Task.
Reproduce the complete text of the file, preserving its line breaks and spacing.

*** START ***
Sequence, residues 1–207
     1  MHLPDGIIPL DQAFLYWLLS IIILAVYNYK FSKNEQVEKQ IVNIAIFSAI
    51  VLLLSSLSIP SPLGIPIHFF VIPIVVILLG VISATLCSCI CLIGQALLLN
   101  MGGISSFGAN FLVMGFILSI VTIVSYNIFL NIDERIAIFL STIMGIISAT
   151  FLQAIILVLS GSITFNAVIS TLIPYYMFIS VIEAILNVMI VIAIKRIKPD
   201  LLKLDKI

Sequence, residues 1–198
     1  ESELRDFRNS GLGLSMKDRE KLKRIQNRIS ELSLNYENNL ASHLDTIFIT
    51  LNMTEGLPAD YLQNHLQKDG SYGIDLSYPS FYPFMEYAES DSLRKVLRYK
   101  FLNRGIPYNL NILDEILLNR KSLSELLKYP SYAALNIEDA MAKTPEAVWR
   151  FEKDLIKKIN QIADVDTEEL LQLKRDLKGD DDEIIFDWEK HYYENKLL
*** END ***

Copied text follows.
Sequence, residues 1–207
     1  MHLPDGIIPL DQAFLYWLLS IIILAVYNYK FSKNEQVEKQ IVNIAIFSAI
    51  VLLLSSLSIP SPLGIPIHFF VIPIVVILLG VISATLCSCI CLIGQALLLN
   101  MGGISSFGAN FLVMGFILSI VTIVSYNIFL NIDERIAIFL STIMGIISAT
   151  FLQAIILVLS GSITFNAVIS TLIPYYMFIS VIEAILNVMI VIAIKRIKPD
   201  LLKLDKI

Sequence, residues 1–198
     1  ESELRDFRNS GLGLSMKDRE KLKRIQNRIS ELSLNYENNL ASHLDTIFIT
    51  LNMTEGLPAD YLQNHLQKDG SYGIDLSYPS FYPFMEYAES DSLRKVLRYK
   101  FLNRGIPYNL NILDEILLNR KSLSELLKYP SYAALNIEDA MAKTPEAVWR
   151  FEKDLIKKIN QIADVDTEEL LQLKRDLKGD DDEIIFDWEK HYYENKLL